The worry monster who eats your troubles away

This is basically a variation of a worry box to help children tangibly notice thoughts and worries and choose to let them go.
1) I use empty tissue boxes to make the monster but any box would work as long as you can cut out a mouth. Create the monster using paper, eyes, feathers, pipe cleaners etc. You could also make an animal, shark or whatever else may be more engaging for the child instead of a monster.
2) Talk about worries or “thinking” with the child and have them identify some worries, thoughts, frustrations, etc. that they would like to not think of in that moment.
3) Have the child write or draw the worries on pieces of paper and notice the worry or thought. It’s also helpful to let the child know they can simply notice their thought without judging or labeling it (more mindfulness based than CBT). After they have noticed and written down the worry or thought, they can choose to let it go by feeding it to the monster! I also help children see they can pretend to take thoughts out of their head and throw them into the box for when they don’t have paper. This can be fun to act out too. 🙂

A variation of this for children who struggle expressing anger safely is for them to write down things that make them angry that they would like to let go of. This can help in identifying triggers and expressing anger in safer ways, simply by writing or drawing about it.



  1. I’m currently in my last year of psychology and doing my internship at a residential setting in Belgium with children and adolescents between 10 and 21 years with behavioral and emotional problems (+ intellectual disability). Currently I’m working with a boy who has severe anger problems. The worry monster really seems like a good idea to use in our sessions! I was thinking about making him 2 ‘monsters’. One where he can put in thoughts or feelings that he wants to get rid of + learn what his triggers are and one ‘monster’ which provides him with some cards. On those cards I’d write tips that could help him relax (like breathing exercises) or things he can do in situations where he is mad and could lose control (like go on a time- out). What is your opinion on this?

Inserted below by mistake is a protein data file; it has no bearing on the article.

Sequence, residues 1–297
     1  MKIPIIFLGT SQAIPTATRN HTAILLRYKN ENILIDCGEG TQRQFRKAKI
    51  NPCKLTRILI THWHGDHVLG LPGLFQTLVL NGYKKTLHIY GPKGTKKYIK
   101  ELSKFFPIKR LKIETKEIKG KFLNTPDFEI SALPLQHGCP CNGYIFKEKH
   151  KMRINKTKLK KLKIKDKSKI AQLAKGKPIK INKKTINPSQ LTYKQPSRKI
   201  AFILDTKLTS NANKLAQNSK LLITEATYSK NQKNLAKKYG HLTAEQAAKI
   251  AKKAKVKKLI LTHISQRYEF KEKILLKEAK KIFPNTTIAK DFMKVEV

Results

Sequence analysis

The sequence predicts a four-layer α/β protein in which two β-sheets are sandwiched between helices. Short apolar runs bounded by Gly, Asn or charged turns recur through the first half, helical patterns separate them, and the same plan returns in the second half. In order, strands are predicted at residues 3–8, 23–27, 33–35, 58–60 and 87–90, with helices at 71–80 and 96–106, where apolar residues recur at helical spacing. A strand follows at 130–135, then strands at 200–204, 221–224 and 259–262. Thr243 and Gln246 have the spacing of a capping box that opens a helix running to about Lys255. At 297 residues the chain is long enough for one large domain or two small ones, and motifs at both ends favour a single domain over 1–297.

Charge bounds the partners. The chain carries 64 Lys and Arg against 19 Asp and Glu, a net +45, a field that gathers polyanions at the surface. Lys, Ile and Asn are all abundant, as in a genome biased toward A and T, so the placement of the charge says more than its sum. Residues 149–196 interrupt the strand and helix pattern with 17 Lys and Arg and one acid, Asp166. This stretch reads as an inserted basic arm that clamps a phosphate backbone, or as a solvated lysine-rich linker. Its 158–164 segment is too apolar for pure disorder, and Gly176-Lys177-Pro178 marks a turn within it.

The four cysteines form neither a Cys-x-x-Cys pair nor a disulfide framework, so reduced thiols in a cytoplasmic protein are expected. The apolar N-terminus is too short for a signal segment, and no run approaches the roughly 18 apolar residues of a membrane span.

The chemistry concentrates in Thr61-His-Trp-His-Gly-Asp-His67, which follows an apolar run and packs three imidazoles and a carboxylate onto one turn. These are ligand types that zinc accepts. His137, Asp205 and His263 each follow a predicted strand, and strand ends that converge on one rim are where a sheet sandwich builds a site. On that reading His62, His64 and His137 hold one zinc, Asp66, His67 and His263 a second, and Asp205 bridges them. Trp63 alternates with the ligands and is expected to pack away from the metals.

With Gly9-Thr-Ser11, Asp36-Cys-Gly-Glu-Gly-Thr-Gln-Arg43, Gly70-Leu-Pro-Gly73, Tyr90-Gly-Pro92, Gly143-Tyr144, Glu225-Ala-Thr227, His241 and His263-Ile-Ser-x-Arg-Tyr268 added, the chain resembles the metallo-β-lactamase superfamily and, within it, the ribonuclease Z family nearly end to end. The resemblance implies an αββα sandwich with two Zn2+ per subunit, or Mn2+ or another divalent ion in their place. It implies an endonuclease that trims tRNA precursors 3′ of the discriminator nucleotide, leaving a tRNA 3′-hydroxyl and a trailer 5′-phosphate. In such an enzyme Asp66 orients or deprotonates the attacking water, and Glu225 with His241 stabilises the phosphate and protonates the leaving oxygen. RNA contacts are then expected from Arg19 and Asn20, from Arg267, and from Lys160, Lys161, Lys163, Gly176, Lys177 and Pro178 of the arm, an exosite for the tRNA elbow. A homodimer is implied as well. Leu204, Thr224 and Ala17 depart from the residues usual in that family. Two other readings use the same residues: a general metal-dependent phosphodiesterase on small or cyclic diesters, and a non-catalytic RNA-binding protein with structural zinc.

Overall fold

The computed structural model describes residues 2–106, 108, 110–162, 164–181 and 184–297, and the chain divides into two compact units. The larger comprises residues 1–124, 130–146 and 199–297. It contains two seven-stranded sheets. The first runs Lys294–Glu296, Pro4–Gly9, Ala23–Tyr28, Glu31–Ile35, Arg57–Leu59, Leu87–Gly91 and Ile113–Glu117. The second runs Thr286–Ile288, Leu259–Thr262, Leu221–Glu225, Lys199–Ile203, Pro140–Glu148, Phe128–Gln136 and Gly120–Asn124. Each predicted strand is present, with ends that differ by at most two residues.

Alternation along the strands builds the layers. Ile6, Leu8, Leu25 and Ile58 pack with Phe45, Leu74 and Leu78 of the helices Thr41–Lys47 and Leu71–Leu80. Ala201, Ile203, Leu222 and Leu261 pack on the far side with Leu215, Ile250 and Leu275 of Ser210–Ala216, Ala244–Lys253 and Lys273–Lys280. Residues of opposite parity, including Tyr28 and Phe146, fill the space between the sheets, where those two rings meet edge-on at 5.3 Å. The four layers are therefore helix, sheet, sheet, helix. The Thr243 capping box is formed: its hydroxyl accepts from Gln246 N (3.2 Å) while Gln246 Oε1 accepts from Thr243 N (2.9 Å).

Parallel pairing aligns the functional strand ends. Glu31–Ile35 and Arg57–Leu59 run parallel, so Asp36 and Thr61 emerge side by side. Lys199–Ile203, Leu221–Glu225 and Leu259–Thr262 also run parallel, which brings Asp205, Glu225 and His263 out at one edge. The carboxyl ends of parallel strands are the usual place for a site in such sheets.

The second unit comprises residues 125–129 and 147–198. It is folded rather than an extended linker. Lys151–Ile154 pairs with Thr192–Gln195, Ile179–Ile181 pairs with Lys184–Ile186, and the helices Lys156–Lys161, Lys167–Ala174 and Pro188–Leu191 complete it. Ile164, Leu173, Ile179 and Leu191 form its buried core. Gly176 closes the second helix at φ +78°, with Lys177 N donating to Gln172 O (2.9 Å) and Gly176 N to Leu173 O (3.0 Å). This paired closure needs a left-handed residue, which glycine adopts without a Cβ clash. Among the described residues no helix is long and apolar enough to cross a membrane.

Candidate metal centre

Thanks for the idea btw!

    • Hey Sharon! Sounds like you do great work! Congratulations on being in your last year of your studies. 🙂
      I like your idea! If you think your kiddo will struggle keeping track of two monsters, you could have the monster holding a tiny box or envelop full of cards with safe ways to cope with and express feelings and needs. Or maybe a two headed monster! Ha
      Best of luck to you! Keep in touch!

      • Thanks for replying! I think having a little box that the monster is holding will be more efficient indeed! 🙂 I’ll keep you posted when I introduce the monster and how he will use it!

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